I discover, on finishing the book, that, if I could write like her I would write a lot more than I do.
At first I thought there were echoes of Patrick Leigh Fermor’s A Time of Gifts. In fact it is nothing like Fermor’s book. Benjamin Myers uses copious amounts of adjectives and likes to show off his expansive vocabulary. Sometimes the writing verges on purple prose, “It was a dark and stormy night …” and this nearly put me off reading past the first few chapters. Nevertheless, I persisted and I’m glad I did.
This story of a young man from the coal mining town of Durham is a gentle read. Robert sets out on his travels and finds that post-war England is more than the grimy, soot covered home he’s always known.
My call is that this is a good book to read on holiday.
One thing I do know is that I will have to update MSWord sooner or later. I keep getting reminded that mine is out of date. They’re always thinking of ways to do something new, and being on a Mac, I will have to buy the new edition.
This has been a cold winter. I don’t know if it is because I’m getting older but the winters seem to be getting colder. Here is a photo of the winter ocean at Falcon Bay. I think it looks like molten lead. Mind you, today was a beautiful day and I was able to soak up the sunlight.
Dr Michael Mosley is a motivated and professional health practitioner. In this book he draws on scientific research to support dietary suggestions for those with diabetes mellitus. Therefore, the underlying trope is to improve health for those who have tried many other means of solving this and other health problems. His own experience with Type 2 diabetes (and pre-diabetes) set him on the path to discover ways to improve the prognosis. On the way, he uncovers some interesting (and innovative) science regarding dementia, PCOS, hypertension, and other diseases so prevalent in the industrial world and modern society.
Mosley’s writing is informal but every claim he makes is backed up by real science.
The recipe section is comprehensive with some illustrations to show the reader what “800 calories” looks like on the plate.
The story of Káre Gíslason’s search for identity segues with the Viking sagas of Iceland. Instead of the vicious and horrifying physical violence that underpins the Viking culture, Gíslason’s personal saga is psychological. The impact of his father’s denial of him as his son haunts him. Richard Fidler accompanies Gíslason to Iceland, and motivates him to take steps to ascertain his Icelandic identity.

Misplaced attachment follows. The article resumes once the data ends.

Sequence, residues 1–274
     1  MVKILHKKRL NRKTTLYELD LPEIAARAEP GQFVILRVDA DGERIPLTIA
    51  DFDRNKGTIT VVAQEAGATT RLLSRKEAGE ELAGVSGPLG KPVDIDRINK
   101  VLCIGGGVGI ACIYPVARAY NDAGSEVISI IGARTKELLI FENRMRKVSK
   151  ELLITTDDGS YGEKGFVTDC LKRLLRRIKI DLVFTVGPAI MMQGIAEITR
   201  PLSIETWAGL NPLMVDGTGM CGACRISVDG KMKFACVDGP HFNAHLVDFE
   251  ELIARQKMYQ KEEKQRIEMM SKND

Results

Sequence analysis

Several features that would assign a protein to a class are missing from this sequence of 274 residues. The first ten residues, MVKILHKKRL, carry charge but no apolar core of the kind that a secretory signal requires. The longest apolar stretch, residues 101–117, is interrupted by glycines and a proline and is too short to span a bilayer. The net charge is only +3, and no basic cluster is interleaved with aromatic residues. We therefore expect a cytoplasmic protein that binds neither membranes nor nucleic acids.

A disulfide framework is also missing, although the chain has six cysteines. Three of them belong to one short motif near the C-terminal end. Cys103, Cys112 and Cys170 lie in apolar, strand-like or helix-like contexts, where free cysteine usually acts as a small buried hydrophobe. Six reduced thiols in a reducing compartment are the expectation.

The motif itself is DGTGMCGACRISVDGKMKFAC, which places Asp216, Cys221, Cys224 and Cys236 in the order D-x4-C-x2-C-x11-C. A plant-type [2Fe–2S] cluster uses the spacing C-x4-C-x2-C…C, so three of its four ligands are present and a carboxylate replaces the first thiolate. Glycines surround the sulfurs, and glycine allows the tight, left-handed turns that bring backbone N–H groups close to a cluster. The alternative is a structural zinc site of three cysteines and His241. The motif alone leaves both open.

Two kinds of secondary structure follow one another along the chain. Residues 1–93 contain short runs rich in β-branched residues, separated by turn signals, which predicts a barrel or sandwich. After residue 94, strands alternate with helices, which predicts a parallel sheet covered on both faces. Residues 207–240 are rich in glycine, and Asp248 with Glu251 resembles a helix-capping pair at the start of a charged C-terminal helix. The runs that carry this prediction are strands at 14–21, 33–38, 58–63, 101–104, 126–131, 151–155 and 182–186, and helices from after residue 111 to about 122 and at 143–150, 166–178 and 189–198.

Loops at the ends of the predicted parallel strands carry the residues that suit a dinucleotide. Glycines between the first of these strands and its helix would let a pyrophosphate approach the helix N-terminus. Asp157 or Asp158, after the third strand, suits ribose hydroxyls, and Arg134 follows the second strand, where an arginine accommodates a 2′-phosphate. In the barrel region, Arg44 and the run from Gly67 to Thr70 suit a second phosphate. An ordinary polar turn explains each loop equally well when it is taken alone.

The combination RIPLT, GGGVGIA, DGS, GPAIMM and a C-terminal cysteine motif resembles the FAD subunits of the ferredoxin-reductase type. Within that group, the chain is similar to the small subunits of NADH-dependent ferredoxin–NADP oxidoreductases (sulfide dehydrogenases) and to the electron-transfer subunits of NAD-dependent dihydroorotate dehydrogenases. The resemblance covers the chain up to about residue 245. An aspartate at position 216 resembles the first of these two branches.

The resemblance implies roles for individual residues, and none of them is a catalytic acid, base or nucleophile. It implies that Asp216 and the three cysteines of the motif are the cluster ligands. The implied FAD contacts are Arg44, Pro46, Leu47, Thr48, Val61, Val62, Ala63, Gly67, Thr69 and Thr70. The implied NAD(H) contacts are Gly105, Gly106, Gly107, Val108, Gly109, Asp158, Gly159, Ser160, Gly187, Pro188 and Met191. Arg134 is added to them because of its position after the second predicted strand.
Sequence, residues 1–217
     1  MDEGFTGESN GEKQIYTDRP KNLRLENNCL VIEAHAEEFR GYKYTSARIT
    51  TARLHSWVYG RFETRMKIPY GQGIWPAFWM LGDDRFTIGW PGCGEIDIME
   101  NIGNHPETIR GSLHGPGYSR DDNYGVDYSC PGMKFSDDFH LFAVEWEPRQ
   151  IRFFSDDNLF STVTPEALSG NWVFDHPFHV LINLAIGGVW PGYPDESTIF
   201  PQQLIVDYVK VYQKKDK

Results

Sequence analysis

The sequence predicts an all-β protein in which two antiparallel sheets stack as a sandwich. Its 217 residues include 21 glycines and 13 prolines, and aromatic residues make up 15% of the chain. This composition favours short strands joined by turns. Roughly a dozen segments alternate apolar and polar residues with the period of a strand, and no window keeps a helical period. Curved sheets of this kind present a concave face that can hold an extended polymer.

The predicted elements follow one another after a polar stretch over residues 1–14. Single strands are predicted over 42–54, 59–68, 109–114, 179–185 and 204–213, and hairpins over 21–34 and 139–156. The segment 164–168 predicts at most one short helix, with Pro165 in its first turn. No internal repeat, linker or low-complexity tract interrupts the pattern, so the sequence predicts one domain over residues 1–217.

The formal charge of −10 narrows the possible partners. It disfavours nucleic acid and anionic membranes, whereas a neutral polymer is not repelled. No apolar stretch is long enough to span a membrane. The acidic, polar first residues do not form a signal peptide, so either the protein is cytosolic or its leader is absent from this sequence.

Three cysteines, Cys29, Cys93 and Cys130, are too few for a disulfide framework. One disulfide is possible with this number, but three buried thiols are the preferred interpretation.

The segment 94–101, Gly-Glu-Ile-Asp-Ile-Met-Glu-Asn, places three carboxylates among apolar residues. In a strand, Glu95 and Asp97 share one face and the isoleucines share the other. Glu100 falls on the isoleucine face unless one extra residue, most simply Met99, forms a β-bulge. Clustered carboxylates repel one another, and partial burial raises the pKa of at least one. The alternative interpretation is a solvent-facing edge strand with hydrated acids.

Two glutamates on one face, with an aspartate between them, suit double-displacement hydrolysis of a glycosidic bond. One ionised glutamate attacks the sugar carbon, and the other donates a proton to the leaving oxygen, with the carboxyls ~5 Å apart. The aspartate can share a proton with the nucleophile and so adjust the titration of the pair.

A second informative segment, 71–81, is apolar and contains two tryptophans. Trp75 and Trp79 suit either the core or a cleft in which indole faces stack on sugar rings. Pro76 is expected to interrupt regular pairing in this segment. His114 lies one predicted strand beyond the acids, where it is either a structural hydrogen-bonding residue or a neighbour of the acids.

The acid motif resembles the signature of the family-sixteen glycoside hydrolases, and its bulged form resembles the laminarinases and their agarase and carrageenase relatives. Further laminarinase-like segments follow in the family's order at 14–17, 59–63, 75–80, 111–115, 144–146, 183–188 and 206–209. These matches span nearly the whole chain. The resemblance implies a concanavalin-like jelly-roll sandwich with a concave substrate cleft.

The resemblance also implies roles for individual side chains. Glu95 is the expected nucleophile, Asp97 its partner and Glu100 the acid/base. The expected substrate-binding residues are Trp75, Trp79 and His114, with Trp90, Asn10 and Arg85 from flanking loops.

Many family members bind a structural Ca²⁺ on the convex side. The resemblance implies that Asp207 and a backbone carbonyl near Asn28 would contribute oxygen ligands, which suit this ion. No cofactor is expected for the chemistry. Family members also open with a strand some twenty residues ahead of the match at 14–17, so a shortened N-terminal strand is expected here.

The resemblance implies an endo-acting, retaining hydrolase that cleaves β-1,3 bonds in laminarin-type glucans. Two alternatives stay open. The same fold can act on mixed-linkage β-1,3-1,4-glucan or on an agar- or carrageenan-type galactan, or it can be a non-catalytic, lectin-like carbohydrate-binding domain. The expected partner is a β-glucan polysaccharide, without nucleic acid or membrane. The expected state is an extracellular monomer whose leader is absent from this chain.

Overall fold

The Icelandic sagas are there, told in the context of the places the authors visited. I found the quantity of characters and their names confusing. I had to resort to keeping a list. Many of the names are similar, many starting with ‘Thor’ as in Thórd Sturluson, Thórdís Snorradóttir, Thorfinn, Thorgerd, Thorgrim, and so on and so forth. There is a list at the beginning of the book that is helpful.
My main issue with this book are the black and white illustrations. Really, they could be omitted without disadvantaging the book in any way. Imagine, if you will, the blurred CCTV pictures of hooded criminals with the Police caption, “Have you seen this person?” Well, that is the quality of most of the black and white photos in the book. Pathetic. The colour plates are reasonable but I’m not sure what they pertain to – thereby irrelevant.
I finished Spinning Silver last week. I can’t bring myself to take it back to the library just yet. Such a wonderful story, so well written. There are a lot of characters and sometimes I was a bit confused as to who did what to whom – but I puzzled it out in the end!
Naomi Novik is an amazing storyteller. I’m not sure how she keeps track of all the plot lines. Ursula K. Le Guin says of Naomi Novik that her writing is “vividly believable”. I don’t know if she’s talking about this book Spinning Silver in particular or another title – it doesn’t matter because it is true of this book and also Uprooted.
I would recommend Spinning Silver to any reader who enjoys fantasy. So good.